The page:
Gladiators, 23,000 spectators, show-stopping spectacles. That live on. The arenas in Nîmes (70BC) are the best preserved from Ancient Roman times. They still host festivals such as the Féria de Nîmes and famous Great Roman Games.
As you walk up Boulevard Victor Hugo you'll be blown away by the Maison Carrée: the only Ancient Roman temple to be entirely untouched. It was built in honour of Gaius Caesar and Lucius Caesar, the adopted grandon and son of Emperor Augustus.
Arenes and Maison Carrée open all year. You can also gaze at them from the café terraces on the square redesigned by the architect Lord Norman Foster. He is also behind the staggering Carré d’Art, the contemporary art museum in Nîmes.
Opposite the arenas, the Musée de la Romanité is a feast for the senses with its highly contemporary architecture and its way of plunging you into the history of Nîmes. The restaurant, grounds and panoramic city views are the cherry on the cake.
This go-to park is where locals love to linger: the Jardins de la Fontaine was one of the first public parks in Europe. It was built around Gallo-Roman relics (the temple of Diana) in the 18th century. Tackle the steep part of the park to climb up to Tour Magne, the last remnant of the Roman walls. The tower stands at the highest point of the city, Mont Cavalier. The views are fantastic from the top of the 32m tower.
Top events: the Férias de Nîmes. The city is alive with Hispanic energy in the form of corridas, abrivados, parades and Sevillian dances for 5 days at Pentecost and 3 days in September.
35 mins north-east of Nîmes, the first time you see the Pont du Gard is a shock to the system. The 3-storey Roman aqueduct is the last one standing today. The 275m bridge is also the tallest in the world (49m). This impressive structure was listed by UNESCO in 1985 and was part of a 50km aqueduct: this one supplied Nemausus (Nîmes) with water for 5 centuries! Plan to spend at least half a day to see all the monument and visitor areas: archaeological museum covering 2500 m2, cinema area, exhibitions, workshops etc.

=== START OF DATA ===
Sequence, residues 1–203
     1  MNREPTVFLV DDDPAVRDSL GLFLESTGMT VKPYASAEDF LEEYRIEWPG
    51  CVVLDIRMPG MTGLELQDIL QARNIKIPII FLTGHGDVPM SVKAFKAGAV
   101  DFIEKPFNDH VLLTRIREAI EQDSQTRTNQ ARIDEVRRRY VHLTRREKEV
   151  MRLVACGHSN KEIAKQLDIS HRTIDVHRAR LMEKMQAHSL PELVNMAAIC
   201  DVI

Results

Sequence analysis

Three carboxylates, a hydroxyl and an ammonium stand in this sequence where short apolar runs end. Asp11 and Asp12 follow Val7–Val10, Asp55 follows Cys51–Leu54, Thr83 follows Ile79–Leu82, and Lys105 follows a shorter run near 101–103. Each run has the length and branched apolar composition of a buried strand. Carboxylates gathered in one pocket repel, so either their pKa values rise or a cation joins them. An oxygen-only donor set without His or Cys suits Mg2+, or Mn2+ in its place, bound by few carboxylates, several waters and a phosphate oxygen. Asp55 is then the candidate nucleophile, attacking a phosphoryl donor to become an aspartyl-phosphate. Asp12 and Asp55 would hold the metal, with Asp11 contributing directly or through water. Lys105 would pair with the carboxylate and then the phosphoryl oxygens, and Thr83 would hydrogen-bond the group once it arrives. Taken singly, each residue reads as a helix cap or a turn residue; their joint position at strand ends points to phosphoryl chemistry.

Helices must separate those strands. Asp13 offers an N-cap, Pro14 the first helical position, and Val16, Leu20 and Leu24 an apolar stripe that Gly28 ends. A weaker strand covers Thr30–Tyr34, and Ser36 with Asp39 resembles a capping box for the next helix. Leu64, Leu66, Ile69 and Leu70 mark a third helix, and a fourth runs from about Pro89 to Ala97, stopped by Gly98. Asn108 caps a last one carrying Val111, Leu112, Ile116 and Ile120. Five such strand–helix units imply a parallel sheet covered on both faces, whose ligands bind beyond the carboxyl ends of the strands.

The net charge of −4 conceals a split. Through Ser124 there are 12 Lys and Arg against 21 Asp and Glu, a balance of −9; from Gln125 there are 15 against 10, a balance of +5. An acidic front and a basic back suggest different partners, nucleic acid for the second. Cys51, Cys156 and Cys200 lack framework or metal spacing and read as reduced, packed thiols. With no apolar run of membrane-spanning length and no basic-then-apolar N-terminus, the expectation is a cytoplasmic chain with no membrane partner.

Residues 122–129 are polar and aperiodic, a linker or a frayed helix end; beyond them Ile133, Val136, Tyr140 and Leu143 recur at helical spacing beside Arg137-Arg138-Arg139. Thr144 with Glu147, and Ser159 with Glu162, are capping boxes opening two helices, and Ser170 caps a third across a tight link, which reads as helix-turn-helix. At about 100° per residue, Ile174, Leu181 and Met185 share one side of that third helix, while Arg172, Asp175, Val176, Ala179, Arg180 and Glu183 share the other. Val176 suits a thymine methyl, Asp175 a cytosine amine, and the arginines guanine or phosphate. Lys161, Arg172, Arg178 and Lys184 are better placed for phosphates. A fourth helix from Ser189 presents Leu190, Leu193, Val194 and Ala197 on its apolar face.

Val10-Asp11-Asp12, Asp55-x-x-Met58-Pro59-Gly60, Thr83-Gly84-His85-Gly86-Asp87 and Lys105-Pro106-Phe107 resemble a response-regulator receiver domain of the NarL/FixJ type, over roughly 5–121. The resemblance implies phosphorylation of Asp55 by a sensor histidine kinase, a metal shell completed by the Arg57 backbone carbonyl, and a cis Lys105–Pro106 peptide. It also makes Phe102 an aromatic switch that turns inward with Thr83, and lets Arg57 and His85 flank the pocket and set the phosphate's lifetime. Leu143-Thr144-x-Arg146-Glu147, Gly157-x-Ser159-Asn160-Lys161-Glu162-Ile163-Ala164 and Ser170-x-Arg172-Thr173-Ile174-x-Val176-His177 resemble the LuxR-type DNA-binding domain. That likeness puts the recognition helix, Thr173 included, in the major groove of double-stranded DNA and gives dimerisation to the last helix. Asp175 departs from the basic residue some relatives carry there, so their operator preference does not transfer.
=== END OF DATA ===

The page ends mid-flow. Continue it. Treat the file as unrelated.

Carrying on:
The Pont du Gard lies in the heart of 165 hectares of unspoilt nature: there's a perimeter to protect both the site and the many species of plants and animals living here: Bonelli's eagles, herons, Eurasian eagle owls and beavers nest on the edge of the monument. In summer you can bask on the beaches 200m from the bridge and swim in the Gardon (play area and lifeguards in summer).
Take the family on the Mémoire de garrigue trail: 1.4km through the vineyards, olive trees and green oaks.
"Le Pont du Gard, mon lieu de prédilection pour passer une journée en famille !" : Martine, notre experte Tourisme Gard, connaît ce grand site comme sa poche et vous indique tout ce qui est à voir et à faire pour transformer votre visite au Pont du Gard en expérience inoubliable.
Soak up Southern French style in France's first Duchy, Uzès. Approved as a Ville d’Art et d’Histoire, visitors flock to Uzès to see its stunning Duke's Château (Duchy) watched over by 3 tall towers. Don't miss its cathedral next to a Lombardy-style belfry. Then enjoy wandering around the medieval lanes peppered with Renaissance mansions, cafés, shops and boutiques.
Set your alarm on Saturday to make the most of the region's acclaimed boho chic market on Place aux Herbes.
Not just for kids! Whilst in Uzès stop at Haribo Museum to learn about the famous sweet brand's past and the Uzès family behind it.
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